The Leader, n.d., quoted in O’Broin, Dublin Castle, 14.


            Ibid., 15–16.


            Martin Maguire, The Civil Service and the Revolution in Ireland 1912–1938: “Shaking the blood-stained hand of Mr Collins” (Manchester: Manchester University Press, 2008), 3.


            Ibid., 38.


            NA, Report of the Royal Commission on the Rebellion in Ireland, 1916, Cd. 8279 (report), XI (1916); Cd. 8311 (evidence and appendices), XI (1916); evidence of Augustine Birrell, 19 May 1916.


            Haydon, Nathan, 185.


            O’Broin, Dublin Castle, 15.


            See e.g. PAR, GH 1236, Dispatch No. 121, 15 July 1909, 263–5. This is a long dispatch containing Nathan’s summary of the “somewhat desultory” debates in the Natal Legislative Assembly.


            Haydon, Nathan, 191.


            Royal Commission on the Rebellion, Evidence of 19 May 1916, evidence of Augustine Birrell and comments of Matthew Nathan.


            NA, PRO 30/67, Birrell to Lord Midleton, 25 Feb. 1916.


            Ms. Nathan 989: N 469, Nathan, notes of interview with Lord Midleton, 29 Feb. 1916. See also Haydon, Nathan, 193. The British tended to conflate various trends in the Irish nationalist and republican movements under the broad rubric “Sinn Féin”.


            See e.g. CO 904/21 (Part 3), Minutes Irish League Meetings, etc, 1916–20, RIC returns and reports on United Irish League meetings, reports sent to Chief Secretary.


            NA/PRO 30/67, Midleton to Birrell, 23 May 1916, pp. 1608–9.


            O’Broin, Dublin Castle, 71.


            Dermot Meleady, John Redmond: The National Leader (Sallins, Co. Kildare: Merrion, 2014), 367.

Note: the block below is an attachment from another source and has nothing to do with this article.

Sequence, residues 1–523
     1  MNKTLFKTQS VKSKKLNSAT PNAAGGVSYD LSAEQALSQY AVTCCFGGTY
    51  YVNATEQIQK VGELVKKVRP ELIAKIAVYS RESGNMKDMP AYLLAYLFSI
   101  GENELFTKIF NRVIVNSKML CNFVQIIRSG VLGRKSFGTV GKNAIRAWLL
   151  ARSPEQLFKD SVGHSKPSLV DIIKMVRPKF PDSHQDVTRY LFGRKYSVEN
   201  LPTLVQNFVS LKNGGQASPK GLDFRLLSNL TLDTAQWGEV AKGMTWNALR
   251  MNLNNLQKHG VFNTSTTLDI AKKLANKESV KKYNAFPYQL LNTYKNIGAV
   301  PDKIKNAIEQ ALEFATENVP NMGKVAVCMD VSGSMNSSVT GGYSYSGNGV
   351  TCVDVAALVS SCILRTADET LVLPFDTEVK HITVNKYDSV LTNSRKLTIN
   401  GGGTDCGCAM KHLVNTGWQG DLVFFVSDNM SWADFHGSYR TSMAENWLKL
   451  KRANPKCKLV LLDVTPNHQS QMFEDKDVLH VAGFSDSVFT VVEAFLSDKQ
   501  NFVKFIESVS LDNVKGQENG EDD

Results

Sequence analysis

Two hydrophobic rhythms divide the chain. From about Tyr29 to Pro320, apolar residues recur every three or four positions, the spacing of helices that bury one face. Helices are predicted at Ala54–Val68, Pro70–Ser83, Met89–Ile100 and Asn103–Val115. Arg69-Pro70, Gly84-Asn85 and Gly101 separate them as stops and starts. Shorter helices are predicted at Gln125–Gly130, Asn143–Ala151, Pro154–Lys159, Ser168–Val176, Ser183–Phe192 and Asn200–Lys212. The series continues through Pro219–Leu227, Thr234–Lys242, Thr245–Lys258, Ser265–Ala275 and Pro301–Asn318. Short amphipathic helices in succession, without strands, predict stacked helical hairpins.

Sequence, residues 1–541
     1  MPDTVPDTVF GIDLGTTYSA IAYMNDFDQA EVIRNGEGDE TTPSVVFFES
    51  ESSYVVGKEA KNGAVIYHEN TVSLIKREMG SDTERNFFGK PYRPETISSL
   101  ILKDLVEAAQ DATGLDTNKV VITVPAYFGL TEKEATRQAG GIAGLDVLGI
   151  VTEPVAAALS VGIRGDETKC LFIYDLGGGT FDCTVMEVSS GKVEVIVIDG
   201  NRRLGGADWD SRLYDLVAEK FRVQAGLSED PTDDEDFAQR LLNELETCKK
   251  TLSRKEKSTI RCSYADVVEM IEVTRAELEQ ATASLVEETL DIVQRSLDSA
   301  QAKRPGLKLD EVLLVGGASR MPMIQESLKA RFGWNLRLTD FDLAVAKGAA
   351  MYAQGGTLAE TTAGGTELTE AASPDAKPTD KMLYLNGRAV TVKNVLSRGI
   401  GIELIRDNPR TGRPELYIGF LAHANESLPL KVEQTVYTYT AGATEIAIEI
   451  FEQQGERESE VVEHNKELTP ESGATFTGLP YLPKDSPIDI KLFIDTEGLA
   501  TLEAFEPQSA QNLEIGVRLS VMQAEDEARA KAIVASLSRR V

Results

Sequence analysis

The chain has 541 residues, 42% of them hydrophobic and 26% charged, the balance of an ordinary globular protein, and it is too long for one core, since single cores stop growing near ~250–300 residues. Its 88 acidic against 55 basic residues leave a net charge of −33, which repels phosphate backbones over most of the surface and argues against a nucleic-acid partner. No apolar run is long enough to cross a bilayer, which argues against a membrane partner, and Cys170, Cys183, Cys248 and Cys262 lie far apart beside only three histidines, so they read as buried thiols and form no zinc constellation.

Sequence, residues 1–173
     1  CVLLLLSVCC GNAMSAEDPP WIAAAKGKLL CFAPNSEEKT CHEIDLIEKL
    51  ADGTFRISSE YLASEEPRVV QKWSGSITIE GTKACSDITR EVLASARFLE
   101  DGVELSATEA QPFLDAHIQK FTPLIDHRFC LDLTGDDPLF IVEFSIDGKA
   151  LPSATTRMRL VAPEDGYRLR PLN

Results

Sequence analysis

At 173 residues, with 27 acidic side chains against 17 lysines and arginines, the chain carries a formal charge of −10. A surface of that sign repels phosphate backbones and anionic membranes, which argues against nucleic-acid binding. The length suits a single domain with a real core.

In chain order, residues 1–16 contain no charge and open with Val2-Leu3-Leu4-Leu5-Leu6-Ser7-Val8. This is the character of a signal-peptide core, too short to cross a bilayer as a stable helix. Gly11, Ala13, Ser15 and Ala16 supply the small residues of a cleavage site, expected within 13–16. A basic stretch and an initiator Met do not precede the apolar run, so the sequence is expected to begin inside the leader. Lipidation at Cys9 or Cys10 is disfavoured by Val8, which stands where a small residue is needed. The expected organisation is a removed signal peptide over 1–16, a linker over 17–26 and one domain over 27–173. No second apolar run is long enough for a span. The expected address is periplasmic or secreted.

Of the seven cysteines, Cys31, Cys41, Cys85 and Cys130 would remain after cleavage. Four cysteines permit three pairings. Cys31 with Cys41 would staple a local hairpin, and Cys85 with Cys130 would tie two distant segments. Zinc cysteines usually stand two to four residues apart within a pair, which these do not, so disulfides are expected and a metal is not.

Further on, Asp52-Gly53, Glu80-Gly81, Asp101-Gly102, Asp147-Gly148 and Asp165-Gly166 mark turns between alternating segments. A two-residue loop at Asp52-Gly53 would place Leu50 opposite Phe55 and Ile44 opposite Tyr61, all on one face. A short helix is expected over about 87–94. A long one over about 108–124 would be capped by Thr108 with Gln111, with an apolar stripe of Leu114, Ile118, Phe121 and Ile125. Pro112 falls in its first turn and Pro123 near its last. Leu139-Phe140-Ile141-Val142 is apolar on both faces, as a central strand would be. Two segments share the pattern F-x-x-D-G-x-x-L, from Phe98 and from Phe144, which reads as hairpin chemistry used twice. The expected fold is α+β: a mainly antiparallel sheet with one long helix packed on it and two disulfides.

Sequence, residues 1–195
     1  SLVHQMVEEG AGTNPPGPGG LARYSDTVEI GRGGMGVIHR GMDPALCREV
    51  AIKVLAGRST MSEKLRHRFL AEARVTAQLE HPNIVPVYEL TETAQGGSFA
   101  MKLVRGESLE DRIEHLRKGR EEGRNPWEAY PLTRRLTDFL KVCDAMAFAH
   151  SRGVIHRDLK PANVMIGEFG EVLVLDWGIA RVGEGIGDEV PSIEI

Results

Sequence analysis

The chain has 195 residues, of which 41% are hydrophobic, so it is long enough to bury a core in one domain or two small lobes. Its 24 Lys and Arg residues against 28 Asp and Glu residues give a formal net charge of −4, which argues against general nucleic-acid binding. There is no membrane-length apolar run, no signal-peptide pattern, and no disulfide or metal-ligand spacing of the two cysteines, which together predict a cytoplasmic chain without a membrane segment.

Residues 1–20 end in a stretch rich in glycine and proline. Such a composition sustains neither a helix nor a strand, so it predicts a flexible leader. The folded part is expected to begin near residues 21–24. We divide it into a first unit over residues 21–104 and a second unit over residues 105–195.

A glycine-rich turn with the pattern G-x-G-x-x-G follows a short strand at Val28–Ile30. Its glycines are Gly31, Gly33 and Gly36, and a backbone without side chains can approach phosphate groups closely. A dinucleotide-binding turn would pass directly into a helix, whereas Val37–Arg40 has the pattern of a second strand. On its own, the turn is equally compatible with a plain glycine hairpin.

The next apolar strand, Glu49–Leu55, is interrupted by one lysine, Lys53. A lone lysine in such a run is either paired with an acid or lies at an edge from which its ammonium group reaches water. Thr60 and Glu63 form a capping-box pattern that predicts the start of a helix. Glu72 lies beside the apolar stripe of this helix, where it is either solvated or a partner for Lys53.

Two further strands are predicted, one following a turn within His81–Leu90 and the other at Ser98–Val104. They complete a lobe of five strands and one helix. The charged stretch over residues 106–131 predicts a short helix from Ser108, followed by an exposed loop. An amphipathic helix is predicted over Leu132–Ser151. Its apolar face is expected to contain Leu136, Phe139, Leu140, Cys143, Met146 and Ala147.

O’Broin, Dublin Castle, 71.


            Ms. Nathan 989: 466, Nathan to Birrell, 22 April 1916.


            Haydon, Nathan, 198.


            O’Broin, Dublin Castle, 83.


            “The 1916 Diary of Dorothy Stopford Price”, entry Monday 24 April 1916 (online digital version dh.tcd.ie/pricediary, accessed 27 March 2016). I thank Susan Schreibman (National University of Ireland, Maynooth) for her interest, comments and assistance.


            Michael T. Foy and Brian Barton, The Easter Rising (Stroud: History Press, 1999, 2011), 71.


            Ibid., 72.


            MeLeady, Redmond, 368.


            Foy and Barton, Easter Rising, 70–71.




            Royal Commission on the Rebellion, evidence of Augustine Birrell, 19 May 1916.


            O’Broin, Dublin Castle, 90–92.


            Ibid., 98–9.


            Fanning, Fatal Path, 140.


            NA, War Office papers, WO 32/9510: “Reports, Summary of events and communiques of the Rebellion in Ireland”, No. 21, Rebellion in Ireland, Summary of Events up to 11 a.m. 3 May 1916.


            O’Broin, Dublin Castle, 99.


            Foy and Barton, Easter Rising, 321 (original emphasis). A close reading of this text indicates that Dillon contacted Redmond on Sunday 7 May, after meeting Father Aloysius, whereas O’Broin, Dublin Castle, 102–3, implies that it was as early as 30 April.


            Foy and Barton, Easter Rising, 27.


            Birrell to Asquith, 30 April 1916, quoted in O’Broin, Dublin Castle, 114–16 (original emphasis).


            O’Broin, Dublin Castle, 103.


            Ibid., 118.


            See above, Haydon, Nathan, 30.


            O’Broin, Dublin Castle, 15.


            Haydon, Nathan, 185.


            See e.g. n. 76 above and PAR, Government House, GH 1283, copies of Secret Dispatches to the Secretary of State for the Colonies, 11 Nov. 1904–5 Feb. 1909, Natal Secret 30 Nov. 1907, 133–7, containing Nathan’s views on his settler ministers.


            Royal Commission on the Rebellion, Cd. 8279, XI (1916); Cd. 8311, XI (1916).


            Fearghal McGarry, Rebels: Voices from the Easter Rising (London: Penguin, 2012), x.

            Author and article information

            Jewish Historical Studies
            UCL Press (UK )
            08 March 2018
            : 49
            : 1
            : 162-187
            [1 ]University of South Africa, Pretoria
            Author notes
            [* ]Correspondence: graham@ 123456msunguli.co.za
            © 2017, The Author(s).

            This is an Open Access article distributed under the terms of the Creative Commons Attribution License (CC-BY) 4.0 https://creativecommons.org/licenses/by/4.0/, which permits unrestricted use, distribution, and reproduction in any medium, provided the original author and source are credited.

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            Research Article

            Jewish history,Jewish literature studies,History